Arya-Stark-150x150

Don’t give up, Arya, you’ll find your family!

Some nests lose as many as 9 out of every 10 eggs. For the endangered Loggerhead sea turtle Caretta carettaa single nest has around 120 eggs (ranging from about 60 to 170 in one study). So, an infection with these fungi, Fusarium falciforme and Fusarium keratoplasticum, can leave the nest with only 10 live baby sea turtles to hatch, fight their way past all the other predators, and make it to the open ocean. Those odds are only slightly better than the Stark family has of surviving until Winter.  And the sea turtles don’t have direwolf companions. 

Fusarium like the heat.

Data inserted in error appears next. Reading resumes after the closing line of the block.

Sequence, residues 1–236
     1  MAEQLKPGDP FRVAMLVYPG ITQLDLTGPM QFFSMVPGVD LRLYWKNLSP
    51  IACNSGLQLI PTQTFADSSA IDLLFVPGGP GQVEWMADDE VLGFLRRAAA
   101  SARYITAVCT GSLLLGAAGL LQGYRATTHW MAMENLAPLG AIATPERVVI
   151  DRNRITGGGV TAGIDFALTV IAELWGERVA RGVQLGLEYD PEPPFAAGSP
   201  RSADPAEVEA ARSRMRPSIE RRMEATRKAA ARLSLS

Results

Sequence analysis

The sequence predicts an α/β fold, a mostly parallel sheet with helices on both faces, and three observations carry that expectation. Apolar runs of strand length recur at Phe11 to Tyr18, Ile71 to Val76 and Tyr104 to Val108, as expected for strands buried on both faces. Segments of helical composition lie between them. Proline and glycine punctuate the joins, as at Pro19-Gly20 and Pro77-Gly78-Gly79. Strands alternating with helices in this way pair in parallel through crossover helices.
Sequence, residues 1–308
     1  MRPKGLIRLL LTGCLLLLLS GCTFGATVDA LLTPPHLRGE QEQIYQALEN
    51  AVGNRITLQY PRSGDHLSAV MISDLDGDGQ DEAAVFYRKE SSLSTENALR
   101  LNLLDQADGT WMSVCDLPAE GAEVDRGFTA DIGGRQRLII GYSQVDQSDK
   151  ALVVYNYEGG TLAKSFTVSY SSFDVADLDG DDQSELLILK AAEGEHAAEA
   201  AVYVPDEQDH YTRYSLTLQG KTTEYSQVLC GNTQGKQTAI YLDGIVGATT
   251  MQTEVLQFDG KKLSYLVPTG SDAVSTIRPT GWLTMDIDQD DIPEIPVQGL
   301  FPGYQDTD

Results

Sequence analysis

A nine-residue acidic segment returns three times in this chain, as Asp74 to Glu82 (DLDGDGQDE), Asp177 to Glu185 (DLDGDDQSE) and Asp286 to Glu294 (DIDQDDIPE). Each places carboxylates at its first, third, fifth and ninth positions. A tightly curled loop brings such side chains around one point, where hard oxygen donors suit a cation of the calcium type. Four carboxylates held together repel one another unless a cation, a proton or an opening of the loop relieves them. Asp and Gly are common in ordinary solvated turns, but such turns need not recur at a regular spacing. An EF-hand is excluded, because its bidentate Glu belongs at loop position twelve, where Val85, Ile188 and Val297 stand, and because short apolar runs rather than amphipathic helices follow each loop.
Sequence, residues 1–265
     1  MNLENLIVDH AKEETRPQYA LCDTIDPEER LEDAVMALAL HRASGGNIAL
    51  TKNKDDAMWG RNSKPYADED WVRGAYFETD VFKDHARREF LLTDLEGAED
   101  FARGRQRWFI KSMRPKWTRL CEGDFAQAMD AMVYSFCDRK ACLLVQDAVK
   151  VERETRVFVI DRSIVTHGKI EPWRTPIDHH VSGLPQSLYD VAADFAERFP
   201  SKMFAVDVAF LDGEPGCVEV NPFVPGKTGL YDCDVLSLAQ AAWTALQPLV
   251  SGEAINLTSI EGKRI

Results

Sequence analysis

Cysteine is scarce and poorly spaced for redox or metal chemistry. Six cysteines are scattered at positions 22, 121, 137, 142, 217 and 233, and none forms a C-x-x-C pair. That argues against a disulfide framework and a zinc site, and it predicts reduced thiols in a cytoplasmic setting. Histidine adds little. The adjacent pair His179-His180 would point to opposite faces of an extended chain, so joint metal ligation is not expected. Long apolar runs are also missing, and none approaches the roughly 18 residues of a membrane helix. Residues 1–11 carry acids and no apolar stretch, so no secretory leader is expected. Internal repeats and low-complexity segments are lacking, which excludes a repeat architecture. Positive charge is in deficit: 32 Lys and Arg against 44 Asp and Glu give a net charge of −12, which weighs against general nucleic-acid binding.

The whole problem boils down to temperature and here’s why: The temperature that sea turtle eggs incubate at is exactly the same temperature that Fusarium likes: 82-86 F (28-30 Celsius). The exact temperature of a sun-warmed sandy nest on a summer night. In an interesting intersection with sea turtle biology, the temperature of the nest is also important for determining whether the eggs will produce male or female turtles – cooler eggs will be male, while warmer eggs will be females. So, by growing at 82 degrees, Fusarium is moving into a temperature niche that’s a vital part of the sea turtle life cycle. This is called adaptation to the host environment and it’s a change we often see in fungi that can cause disease in humans. For example, the yeasts Cryptococcus neoformans and Candida albicans are able to grow at human body temperature, unlike yeast that don’t cause disease.